Ron Bennington: Do you ever think..I’ll pull something out from the old days? Or you just make sure you get rid of it. When you’re in trouble, I’m sure you know you can just say ‘Harris’ and have them back for at least a second.
Aziz Ansari: If I go on a tour, by then I have an hour and fifteen that I’m pretty sure is going to do really well or else I wouldn’t book the tour.
Ron Bennington: But you’re ready to walk into a club and go, we’ll see what happens…
Aziz Ansari: Oh in a club? I mean the whole beauty of that is you go in, especially in New York and L.A., if you drop in at UCB or you drop in at the Comedy Cellar, people are kind of used to this idea of oh, okay he’s here working stuff out and that’s the deal. So you don’t feel like a pressure of like, oh everything has to be that strong. But you still try to give people a show and maybe end strong. But I remember like one of the first things I saw, I came to New York and I’d never been to a comedy show before, like a live comedy show, and I went to the Comedy Cellar, and I was going there a lot just watching people and just trying to learn what I could from watching people like Attell and Giraldo, who are always at the Comedy Cellar. And Chris Rock dropped in and he just did 30 minutes and bombed and couldn’t care less. Just didn’t care. And it was the coolest thing to see– like he just doesn’t care. And he was like, “well that’s it, I’ll see you later.” And I was like, “oh shit, that was awesome! That was cooler than seeing him kill.” But it’s interesting cause, that whole witnessing people dropping in is such a fascinating thing. Cause at places like the Comedy Cellar, like Seinfeld will drop in, Chapelle, Chris Rock. And now I’ve become a dude that drops in, or Louie. And it’s interesting because people will go up and everyone’s so fucking psyched. They’re like “Oh shit it’s the dude from the TV thing yes!!!” And you’re like, “alright, calm down, it’s just me reading from a notebook. It’s going to be…lower the expectations. Let’s all dial down the excitement. You’re all going to leave and say I’m garbage. So don’t worry about it, it’s fine.” It’s fun cause, what happens is, you go up, and that kind of excitement carries you for a little bit, when people are like, “ha ha! Yes! The guy! Yeah!” and it doesn’t really matter what you’re saying for the first minute or so. But then they’re just like, “What? No. I’m not excited anymore. I’ve seen your face for a little while. I’m accustomed to now being in front of your face. You’ve got to have some substance here.” And that’s what makes it great. Eventually you’re brought down. At first you might start off with an advantage from people recognizing you from tv or movies or whatever. But after a few minutes, that goes away and you’re back to nothing and you have to earn your laughs, and make sure they work. Make sure the jokes actually do work everywhere.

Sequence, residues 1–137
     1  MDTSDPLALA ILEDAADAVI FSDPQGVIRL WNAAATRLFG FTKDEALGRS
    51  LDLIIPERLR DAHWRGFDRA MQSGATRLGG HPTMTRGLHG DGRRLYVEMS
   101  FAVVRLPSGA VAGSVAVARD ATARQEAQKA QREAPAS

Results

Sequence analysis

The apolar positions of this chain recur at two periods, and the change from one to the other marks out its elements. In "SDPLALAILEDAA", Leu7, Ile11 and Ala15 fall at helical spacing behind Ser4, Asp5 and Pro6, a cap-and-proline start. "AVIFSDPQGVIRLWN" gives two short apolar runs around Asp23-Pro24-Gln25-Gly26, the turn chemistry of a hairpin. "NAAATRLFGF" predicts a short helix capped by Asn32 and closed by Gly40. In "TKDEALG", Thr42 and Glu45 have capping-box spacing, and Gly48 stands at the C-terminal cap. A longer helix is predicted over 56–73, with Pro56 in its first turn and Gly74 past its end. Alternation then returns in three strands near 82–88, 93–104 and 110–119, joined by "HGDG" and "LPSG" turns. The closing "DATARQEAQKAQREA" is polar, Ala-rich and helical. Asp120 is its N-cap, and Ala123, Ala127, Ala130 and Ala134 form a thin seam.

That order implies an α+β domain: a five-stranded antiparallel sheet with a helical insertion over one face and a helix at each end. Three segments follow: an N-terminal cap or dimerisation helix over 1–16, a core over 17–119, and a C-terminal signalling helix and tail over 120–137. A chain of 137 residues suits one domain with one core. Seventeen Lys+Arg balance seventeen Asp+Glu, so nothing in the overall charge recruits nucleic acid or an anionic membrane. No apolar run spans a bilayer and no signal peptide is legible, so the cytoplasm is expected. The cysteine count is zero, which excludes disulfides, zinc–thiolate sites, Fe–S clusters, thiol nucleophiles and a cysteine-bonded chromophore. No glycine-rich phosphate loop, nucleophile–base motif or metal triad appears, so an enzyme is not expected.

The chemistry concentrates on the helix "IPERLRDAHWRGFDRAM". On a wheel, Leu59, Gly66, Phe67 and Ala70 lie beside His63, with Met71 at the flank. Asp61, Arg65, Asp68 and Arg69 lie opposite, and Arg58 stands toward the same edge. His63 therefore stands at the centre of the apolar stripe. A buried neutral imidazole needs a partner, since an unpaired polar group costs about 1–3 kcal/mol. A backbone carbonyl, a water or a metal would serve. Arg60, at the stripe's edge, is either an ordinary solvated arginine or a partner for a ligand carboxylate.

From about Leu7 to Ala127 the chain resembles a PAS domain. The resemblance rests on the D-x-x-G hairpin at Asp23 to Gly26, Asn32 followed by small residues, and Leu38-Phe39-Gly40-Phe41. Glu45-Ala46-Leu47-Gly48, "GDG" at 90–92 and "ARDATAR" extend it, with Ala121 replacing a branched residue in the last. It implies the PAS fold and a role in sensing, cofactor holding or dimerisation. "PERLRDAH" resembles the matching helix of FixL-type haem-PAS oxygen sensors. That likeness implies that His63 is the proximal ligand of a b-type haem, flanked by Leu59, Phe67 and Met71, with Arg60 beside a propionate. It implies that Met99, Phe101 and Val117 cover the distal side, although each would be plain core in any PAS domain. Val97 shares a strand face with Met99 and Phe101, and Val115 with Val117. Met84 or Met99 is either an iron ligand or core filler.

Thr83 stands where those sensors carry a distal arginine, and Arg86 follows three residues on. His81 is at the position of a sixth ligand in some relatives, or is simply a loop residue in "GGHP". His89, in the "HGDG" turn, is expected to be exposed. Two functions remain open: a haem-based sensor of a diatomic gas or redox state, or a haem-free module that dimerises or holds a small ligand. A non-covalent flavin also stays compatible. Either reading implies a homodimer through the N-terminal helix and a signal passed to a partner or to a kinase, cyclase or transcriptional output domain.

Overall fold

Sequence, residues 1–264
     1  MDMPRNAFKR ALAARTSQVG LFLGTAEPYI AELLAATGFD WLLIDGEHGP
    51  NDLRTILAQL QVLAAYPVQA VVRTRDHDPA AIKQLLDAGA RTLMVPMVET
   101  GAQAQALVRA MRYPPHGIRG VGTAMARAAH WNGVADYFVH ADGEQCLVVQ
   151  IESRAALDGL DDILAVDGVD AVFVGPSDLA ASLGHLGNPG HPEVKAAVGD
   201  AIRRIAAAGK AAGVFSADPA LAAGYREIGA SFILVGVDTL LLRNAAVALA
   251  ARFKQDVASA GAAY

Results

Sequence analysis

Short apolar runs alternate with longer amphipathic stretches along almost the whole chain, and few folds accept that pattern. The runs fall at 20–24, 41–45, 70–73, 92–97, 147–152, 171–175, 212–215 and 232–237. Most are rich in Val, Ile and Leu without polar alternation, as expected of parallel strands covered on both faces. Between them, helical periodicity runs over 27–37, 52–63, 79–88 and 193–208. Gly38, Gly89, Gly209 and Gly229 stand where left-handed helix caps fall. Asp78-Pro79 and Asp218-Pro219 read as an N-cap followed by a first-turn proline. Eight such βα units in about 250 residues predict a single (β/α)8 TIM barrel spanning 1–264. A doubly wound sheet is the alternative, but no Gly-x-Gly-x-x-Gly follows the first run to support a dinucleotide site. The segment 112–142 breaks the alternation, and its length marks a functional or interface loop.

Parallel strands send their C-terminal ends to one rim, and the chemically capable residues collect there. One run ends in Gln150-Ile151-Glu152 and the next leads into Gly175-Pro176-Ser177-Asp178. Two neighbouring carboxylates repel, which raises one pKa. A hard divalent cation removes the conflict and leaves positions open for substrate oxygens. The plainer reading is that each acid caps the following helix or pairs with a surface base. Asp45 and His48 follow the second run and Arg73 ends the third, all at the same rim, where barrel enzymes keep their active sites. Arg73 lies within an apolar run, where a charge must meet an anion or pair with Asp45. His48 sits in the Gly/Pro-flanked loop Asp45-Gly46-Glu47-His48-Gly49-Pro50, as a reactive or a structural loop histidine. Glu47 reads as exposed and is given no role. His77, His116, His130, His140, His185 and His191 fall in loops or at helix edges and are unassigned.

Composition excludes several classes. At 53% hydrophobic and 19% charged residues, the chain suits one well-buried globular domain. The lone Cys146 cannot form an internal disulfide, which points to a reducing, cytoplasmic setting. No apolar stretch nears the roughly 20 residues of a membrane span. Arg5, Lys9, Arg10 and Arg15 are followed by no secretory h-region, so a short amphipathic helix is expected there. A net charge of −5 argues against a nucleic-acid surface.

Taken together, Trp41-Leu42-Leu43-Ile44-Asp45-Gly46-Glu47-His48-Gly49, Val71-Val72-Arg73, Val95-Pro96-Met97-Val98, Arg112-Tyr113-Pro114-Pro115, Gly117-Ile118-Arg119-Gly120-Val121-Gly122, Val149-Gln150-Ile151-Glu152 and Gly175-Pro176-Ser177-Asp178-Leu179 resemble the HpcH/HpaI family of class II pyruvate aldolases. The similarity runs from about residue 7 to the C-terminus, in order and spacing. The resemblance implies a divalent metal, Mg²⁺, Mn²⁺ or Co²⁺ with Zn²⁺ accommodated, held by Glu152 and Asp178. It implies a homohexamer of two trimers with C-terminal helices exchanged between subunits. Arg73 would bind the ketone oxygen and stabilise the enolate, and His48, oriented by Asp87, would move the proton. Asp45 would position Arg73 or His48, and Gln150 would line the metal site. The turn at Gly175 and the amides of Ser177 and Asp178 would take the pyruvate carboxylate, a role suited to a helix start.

Ron Bennington: So it’s really about material for you 100% of the time. You’ve got to have the material that you’re happy with.
Aziz Ansari: Yeah. If you’re going out to these theaters. And you’re performing for like two, three thousand people, it’s a dream. You’re performing in these beautiful venues, you want to bring it. You want to have a great show that people really like and leave and they’re like, “Wow that was even better than the last time I came to see him on tour.”
Ron Bennington: When you were a kid growing up in South Carolina, did you see standup on tv. Were there people that you dug?
Aziz Ansari: I remember always liking the idea of standup. Like if stand up was on tv, I’d watch it for a little while, I’d be interested in it. And I remember renting Delirious when I was really young. In High School, Bringing the Pain and Bigger and Blacker…those two Chris Rock Specials, I still know every single word to them. And I still listen to them every now and then just because I feel like they were so great. Those were like the biggest influence for me when I was in highschool and early college and everything.
Ron Bennington: And then that became weird because right away when you came to New York, it’s like, there’s the guy.
Aziz Ansari: It was the craziest thing. To see him…that was when I was like first going to the comedy clubs, just watching and trying to learn stuff. To see him standing out in the hallway, it was like “holy shit! This is nuts!”